She incorporates pop rhythms and seeks more towards the disco-era and modern technology for a cadence that’s just a hair shy more uptempo than soul. Armani Caeser’s rhythm is infectious, but her lyrics are venomous. Look at the cover art to her single, "Diana," cover art, she’s Lil’ Kim had she hustled in Buffalo.

Little Simz

Though Little Simz is not necessarily a rising artist, her success has been exponential since the release of 2021’s Sometimes I Might Be Introvert. The UK grime-turned-amorphous rapper of equal parts technically flawless and lyrically awe-inspiring. Over garden party-esque orchestral swells she can deliver a poem penned to her own empowerment, but she can also rap a 16-bar verse with a live band almost breathlessly. 

She’s punchy and energetic, sentimental and adamantly altruistic. A fire burns in Little Simz, and the spark is fanned with each beat of the drum.

Amaarae 

Where hip-hop has begun to transition towards two extremes — heavy metal on one side and drumless beats on the other — Amaarae presents a hidden alternative. The Ghanaian vocalist ushers in a new conception of hip-hop, bringing an Afro pop influence that's reminiscent of Doja Cat’s debut album, Hot Pink.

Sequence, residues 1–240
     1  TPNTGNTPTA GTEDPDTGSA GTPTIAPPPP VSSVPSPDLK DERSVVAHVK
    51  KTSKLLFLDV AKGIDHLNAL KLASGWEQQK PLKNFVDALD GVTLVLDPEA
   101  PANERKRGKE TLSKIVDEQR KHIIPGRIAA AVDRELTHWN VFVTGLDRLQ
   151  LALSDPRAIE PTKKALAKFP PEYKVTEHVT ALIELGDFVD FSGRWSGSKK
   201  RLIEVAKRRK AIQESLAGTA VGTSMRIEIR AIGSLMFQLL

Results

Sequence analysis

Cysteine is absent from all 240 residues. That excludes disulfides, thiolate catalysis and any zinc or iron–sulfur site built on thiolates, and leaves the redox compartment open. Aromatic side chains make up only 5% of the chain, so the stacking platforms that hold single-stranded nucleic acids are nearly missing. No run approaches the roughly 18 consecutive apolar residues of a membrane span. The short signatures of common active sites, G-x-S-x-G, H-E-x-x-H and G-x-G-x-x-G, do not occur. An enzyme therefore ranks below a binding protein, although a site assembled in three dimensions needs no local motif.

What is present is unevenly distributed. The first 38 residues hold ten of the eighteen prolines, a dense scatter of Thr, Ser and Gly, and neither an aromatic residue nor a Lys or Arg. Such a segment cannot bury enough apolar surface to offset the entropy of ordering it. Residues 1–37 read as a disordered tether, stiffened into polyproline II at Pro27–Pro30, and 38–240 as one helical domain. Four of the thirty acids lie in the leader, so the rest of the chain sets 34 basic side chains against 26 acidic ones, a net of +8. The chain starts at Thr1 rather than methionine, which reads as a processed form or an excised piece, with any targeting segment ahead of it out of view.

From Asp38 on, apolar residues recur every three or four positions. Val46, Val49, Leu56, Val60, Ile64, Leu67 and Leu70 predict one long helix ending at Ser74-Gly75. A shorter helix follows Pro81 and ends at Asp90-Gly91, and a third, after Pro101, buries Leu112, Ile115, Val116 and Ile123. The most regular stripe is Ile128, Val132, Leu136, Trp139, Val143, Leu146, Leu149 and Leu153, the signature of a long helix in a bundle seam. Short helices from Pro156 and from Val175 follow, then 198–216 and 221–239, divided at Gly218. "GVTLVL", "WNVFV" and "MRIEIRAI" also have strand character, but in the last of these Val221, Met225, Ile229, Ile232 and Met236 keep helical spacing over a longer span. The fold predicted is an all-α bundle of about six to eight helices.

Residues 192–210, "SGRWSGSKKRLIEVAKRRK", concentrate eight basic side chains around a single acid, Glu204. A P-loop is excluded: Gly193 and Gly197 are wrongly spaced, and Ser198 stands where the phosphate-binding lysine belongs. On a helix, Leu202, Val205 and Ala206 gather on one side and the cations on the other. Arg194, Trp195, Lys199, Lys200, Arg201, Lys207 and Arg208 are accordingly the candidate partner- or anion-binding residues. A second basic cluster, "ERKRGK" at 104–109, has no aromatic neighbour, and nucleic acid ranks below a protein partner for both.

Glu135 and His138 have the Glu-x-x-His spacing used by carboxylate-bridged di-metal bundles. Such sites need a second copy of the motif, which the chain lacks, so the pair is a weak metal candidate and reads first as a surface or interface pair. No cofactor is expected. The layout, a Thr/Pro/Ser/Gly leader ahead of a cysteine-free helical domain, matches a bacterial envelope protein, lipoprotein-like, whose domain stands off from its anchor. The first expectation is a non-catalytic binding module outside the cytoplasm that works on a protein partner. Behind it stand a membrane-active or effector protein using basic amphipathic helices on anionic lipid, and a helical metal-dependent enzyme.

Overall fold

Amaarae produces her own work, blending traditional Ghanaian instrumentation and polyrhythms with a digitally-created drum circle. As the music claps into double time, Amaarae’s voice speeds up and down, wavering between rapping and singing. She does it all, and after the viral success of "SAD GIRLZ LUV MONEY" and its remix with Kali Uchis, Amaarae dropped a new EP in July, Fountain Baby, scoring the scorching heat of the summer. 

Tkay Maidza  

Creating an electronic collage of house, club, drum n bass, afro beats, and live drum breaks, Tkay Maidza exceeds the term "multi hyphenate." Whether she’s collaborating with JPEGMAFIA or Flume, Tkay creates dystopian worlds in her soundscapes, cut with screeching basslines and glitching snares. Her music is neo-R&B as she deems fit, soulfully calling on Kari Faux for over articulation on "Don’t Call Again;" it’s rage rap on the industrial track, "Grasshopper;" it’s even a derivative of EDM in her latest single, coyly titled, "Silent Assassin."